Multicultural teams are less difficult to manage than bicultural teams, and competition phenomena are less significant.

However, it is necessary to bring together actors who have very different mother tongues, analytical processes and modes of action. This heterogeneity of modes of thinking and action is a source of difficulty for the management of such teams, each person having to take the time to listen to the other and take their differences into account. The diversity of native languages ​​is a source of misunderstandings due to imperfect command of English or approximate translations of technical vocabulary, when not all members speak English. Hence the importance of cultural and linguistic support.

The multicultural team manager

Due to the difficulties listed above, the working process of a multicultural team is slower and more difficult than that of a monocultural team. Paradoxically, it is of better quality, because the unsaid and the acting take up much less space. By necessity, the problems and objectives are better explained, the scheduling of the work is more precise. For example, the debates of a European Works Council are generally of a higher quality than those of the Works Councils of the different countries in the group.

Success lies in appropriate management. In addition to the usual qualities, the manager must be a moderator and a mediator; it is about making everyone understand the particularities of each person and the originality of each contribution, to respond positively to the unexpected. It's a bit like squaring the circle. The phrase: “ what brings us together is moreimportant than what divides us” is the guiding principle of all multicultural work.

How to successfully recruit abroad?

For recruitment abroad, priority should be given to the local job market and the use of local recruitment firms. The employee integrates more easily into the subsidiary. Multicultural experience becomes important in recruitment. Fortunately, many young graduates around the world have studied abroad for at least 6 months. The campuses of universities or Grandes Écoles and lecture halls are today places for learning about multiculturality.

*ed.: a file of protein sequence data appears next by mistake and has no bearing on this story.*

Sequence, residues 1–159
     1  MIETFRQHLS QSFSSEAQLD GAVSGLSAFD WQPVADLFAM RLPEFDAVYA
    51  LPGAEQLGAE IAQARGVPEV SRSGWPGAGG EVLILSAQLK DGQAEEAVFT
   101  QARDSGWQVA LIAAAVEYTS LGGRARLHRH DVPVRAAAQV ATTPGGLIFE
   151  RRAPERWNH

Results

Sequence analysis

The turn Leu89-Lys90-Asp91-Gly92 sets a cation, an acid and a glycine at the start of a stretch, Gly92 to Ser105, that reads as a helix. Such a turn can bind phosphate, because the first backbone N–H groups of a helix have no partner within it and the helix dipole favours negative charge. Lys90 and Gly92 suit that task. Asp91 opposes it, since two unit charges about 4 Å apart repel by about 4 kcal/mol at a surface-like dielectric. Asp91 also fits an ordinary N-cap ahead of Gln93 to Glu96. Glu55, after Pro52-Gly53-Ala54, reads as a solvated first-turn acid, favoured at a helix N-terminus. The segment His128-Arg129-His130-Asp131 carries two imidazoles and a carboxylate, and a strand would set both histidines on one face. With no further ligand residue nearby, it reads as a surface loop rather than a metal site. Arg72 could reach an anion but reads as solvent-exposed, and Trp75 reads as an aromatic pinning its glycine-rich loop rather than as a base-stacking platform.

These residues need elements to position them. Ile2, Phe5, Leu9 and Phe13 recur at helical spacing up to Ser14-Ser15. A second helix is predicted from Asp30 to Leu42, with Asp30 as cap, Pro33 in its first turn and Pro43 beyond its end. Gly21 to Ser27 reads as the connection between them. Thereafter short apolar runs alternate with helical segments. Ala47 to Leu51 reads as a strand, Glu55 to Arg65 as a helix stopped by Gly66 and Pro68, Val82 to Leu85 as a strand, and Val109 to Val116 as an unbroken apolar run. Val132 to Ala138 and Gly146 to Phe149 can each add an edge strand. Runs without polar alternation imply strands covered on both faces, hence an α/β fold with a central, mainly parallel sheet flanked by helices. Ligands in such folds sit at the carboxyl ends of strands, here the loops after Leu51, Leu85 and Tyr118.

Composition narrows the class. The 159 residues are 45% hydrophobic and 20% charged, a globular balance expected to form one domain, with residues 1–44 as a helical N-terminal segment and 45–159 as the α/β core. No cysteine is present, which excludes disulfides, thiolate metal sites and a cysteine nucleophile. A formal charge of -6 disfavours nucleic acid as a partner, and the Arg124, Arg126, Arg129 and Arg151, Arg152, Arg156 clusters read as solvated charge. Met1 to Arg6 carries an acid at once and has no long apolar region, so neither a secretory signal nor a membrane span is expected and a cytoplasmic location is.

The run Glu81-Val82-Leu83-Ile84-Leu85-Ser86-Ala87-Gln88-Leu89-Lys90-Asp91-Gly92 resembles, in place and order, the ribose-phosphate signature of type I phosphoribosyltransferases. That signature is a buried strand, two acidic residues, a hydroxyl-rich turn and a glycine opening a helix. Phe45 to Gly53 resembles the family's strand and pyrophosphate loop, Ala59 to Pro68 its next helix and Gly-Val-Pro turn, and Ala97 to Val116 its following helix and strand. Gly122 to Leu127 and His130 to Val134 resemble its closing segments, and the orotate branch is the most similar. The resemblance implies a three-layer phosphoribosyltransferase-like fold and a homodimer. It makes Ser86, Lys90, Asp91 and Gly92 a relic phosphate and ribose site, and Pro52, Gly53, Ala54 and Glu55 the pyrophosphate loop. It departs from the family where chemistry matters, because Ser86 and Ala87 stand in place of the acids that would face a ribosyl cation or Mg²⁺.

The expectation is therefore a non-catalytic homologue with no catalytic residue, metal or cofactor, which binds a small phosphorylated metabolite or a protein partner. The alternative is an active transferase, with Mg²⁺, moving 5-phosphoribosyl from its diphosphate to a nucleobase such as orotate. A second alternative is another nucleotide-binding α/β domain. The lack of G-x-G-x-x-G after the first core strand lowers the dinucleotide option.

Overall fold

The keys to success of a multicultural team

In the answers to the previous questions, we have listed a number of key success factors for the functioning of a multicultural team:

  • listen,
  • taking into account the other,
  • precise organization of work,
  • English proficiency,
  • very explicit communication,
  • absence of value judgment and arrogance.

From questionnaires used on a large scale at IBM, Geert Hofstede distinguishes 5 factors of cultural differentiation: hierarchical distance, attitude towards uncertainty, positioning of the individual in relation to the group, the masculine or feminine dimension values, short or long term orientation. Each culture has characteristic scores on these 5 dimensions; it’s a kind of cultural identity card. Although it is debated today, this approach is very educational and useful for identifying the sources of misunderstandings in a multicultural team and providing solutions.

On his site, Geert Hofstede has a rather pessimistic vision of multiculturality: “ Culture is more often a source of conflict than of synergy.Cultural differences are a nuisance at best and often a disaster.” This type of sentence should be examined with a multicultural prism: it is about these introductory jokes dear to Anglo-Saxon culture, which underline the value of the subsequent presentation.

With a French cultural prism, I would say that the member of a multicultural team must be an honest man in the classic sense, that is to say a cultured man. Knowledge of history and especially religions provides reliable information on cultural behavior. Books like Max Weber's The Protestant Ethic and the Spirit of Capitalism(1904-1905) build bridges between a religion and the culture in which it is dominant. A second source of knowledge of cultures is the study of national educational models, closely linked to the local culture of which they are, moreover, also the matrix.